Take Your Dollars and Tax Them 

10/22/2009 11:18 am EST


Igor Greenwald

Chief Investment Strategist, MLP Profits

Brazil knows how to throw a party, but from now on there will be a door charge.

Late Monday, with Sao Paolo's Bovespa index up 79% on the year, the government slapped an immediate 2% tax on foreign purchases of Brazilian stocks and bonds. The goal was to slow speculative capital inflows that had boosted the real currency 36% against the dollar this year. With exporters suffering and a presidential election on tap in a year's time, taxing foreigners won out over cuts in government spending or import duties.

"Our concern is the excess of speculation," said the finance minister. And, for one day at least, it was mission accomplished as the Bovespa shed nearly 3% Tuesday and the real retrenched more than 2%. But the next day, buyers were back at it. Brazil remains one of the world's most dynamic economies and one of its cheapest stock markets. But Switzerland it's not, and now investors have a better idea why all that growth is priced so attractively.

Brazil has recently asserted more control over its recently discovered oil reserves, reserving the leading role in their development for Petrobras (NYSE: PBR) at the expense of foreign oil producers. The government has also clashed with the giant iron ore miner Vale (NYSE: VALE), insisting it invest more in domestic steel production. But that hasn't stopped Vale's New York-traded ADR (which is not subject to Brazil's new tax) from rallying 43% since September 1st.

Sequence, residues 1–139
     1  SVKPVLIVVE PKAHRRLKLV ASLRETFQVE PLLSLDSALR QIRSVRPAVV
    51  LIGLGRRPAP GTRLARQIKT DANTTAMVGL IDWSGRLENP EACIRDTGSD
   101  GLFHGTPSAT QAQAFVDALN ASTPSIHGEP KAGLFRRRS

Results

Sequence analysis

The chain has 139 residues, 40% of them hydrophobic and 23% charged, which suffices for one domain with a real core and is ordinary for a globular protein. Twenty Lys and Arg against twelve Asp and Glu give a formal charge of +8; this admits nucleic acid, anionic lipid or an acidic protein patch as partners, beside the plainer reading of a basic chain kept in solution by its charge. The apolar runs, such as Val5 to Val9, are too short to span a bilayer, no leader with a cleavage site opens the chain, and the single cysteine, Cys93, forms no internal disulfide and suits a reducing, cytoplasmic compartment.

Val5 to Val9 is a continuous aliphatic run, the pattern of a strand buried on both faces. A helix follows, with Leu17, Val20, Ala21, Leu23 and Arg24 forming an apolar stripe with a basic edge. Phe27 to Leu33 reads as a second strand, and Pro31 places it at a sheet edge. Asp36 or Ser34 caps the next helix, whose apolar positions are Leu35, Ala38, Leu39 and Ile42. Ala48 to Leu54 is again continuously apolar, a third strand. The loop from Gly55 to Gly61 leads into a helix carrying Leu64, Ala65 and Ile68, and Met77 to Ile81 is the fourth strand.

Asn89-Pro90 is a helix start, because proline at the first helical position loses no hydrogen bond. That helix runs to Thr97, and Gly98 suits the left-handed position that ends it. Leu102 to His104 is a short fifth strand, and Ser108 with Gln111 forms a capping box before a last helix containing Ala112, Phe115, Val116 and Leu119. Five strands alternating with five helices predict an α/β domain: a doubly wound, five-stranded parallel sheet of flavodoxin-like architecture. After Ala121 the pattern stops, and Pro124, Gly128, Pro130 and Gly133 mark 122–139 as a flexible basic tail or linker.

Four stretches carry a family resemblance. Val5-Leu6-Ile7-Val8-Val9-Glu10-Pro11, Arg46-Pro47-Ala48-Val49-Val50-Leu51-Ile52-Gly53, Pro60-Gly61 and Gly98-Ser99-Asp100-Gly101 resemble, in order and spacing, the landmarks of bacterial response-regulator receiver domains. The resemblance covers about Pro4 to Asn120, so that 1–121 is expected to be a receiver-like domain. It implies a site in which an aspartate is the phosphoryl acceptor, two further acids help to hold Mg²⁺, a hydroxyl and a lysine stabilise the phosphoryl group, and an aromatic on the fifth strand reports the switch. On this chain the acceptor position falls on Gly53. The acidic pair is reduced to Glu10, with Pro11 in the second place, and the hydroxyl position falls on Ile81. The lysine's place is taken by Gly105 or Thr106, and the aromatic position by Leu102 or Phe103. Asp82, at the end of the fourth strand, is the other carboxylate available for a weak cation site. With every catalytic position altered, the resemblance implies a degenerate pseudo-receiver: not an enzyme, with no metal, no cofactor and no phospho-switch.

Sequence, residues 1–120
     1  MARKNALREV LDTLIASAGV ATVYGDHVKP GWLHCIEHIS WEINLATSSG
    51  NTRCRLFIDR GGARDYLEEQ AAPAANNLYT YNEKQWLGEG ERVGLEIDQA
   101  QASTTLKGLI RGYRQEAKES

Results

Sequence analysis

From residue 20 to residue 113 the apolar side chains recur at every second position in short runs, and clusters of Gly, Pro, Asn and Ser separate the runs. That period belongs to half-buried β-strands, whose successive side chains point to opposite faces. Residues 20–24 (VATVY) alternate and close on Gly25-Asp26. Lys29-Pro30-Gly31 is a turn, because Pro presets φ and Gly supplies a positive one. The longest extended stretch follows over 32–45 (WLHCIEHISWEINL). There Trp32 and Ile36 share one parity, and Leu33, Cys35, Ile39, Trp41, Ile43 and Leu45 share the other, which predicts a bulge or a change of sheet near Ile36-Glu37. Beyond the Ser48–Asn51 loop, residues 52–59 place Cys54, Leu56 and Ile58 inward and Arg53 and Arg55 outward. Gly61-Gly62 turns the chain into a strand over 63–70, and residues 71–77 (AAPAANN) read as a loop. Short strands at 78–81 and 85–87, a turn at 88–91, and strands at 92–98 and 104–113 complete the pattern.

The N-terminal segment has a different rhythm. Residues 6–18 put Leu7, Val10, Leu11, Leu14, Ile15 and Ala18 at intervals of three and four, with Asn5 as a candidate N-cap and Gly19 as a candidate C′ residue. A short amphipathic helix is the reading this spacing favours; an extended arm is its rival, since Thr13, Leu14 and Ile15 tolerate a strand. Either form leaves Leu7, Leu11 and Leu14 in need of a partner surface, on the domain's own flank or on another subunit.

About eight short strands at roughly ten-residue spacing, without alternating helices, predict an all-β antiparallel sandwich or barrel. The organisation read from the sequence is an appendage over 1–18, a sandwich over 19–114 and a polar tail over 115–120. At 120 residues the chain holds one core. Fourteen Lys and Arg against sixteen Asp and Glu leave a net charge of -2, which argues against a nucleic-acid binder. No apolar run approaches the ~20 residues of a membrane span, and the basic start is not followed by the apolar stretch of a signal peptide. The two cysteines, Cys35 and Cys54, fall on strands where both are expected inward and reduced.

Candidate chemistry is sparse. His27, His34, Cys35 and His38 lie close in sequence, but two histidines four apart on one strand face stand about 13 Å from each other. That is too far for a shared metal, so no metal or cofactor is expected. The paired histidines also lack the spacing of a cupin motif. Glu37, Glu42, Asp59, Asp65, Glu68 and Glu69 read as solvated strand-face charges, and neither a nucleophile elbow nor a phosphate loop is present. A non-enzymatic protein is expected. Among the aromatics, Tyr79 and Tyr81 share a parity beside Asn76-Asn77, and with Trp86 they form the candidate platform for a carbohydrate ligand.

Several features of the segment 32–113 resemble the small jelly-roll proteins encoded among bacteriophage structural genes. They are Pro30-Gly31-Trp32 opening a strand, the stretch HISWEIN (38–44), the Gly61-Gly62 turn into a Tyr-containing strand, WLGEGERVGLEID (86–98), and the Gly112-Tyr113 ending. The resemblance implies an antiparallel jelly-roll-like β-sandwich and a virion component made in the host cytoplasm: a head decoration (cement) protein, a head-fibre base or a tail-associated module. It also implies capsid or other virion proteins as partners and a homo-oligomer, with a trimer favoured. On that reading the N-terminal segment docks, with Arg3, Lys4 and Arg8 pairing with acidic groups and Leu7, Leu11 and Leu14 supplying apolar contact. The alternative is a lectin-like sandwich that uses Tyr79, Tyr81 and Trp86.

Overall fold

The iron and the oil will allow Brazil to weather the dollar's decline in relative comfort, something that can't be said for more northerly US trading partners and rivals. The euro's rise to $1.50 "is a disaster to European industry and the economy," a top adviser to the French president said this week. Canada's central bank kept rates at rock-bottom and complained that the Canadian loonie's recent gains would, over time, "more than fully offset the favorable developments since July."

Meanwhile, China's bracing for an even greater influx of hot money than Brazil's, fed by widespread belief that the yuan's dollar peg will, within a year at most, give way to gradual but inexorable appreciation. The Chinese government has adopted a new tone, touting unexpectedly strong growth and highlighting inflation as a risk. Hong Kong keeps having to buy up dollars to keep its exchange rate fixed as foreigners pile in. As Asian currencies appreciate, their issuers will have the same incentives as Brazil to limit indirect investment inflows.

But for now the dollar remains welcome in a variety of lands with sounder finances. It's also overdue for a bounce, just as emerging markets are overdue to correct. Any such letup in the current trends will be a buying opportunity for Asian stocks, writes Dr. Marc Faber of The Gloom Boom & Doom Report in this week's Global Perspectives excerpt. Real estate plays dominate his list of personal investments in Singapore and Thailand, and the rationale is easy to grasp. It's easier to print money than to develop land, and easier still if one is heavily indebted.

Meanwhile, the same strong loonie that's giving Canadian exporters fits has enriched US investors in the high-yielding energy trusts north of the border. Gordon Pape recommends one with a double-digit current yield, a substantial earnings cushion, and bright growth prospects.

Yiannis Mostrous ventures further afield in suggesting shares of Indian wireless leader Bharti Airtel. The stock lost half its value in the last few months amid a price war that has dimmed growth prospects. So, talk's still cheap, inflation hawks should note.

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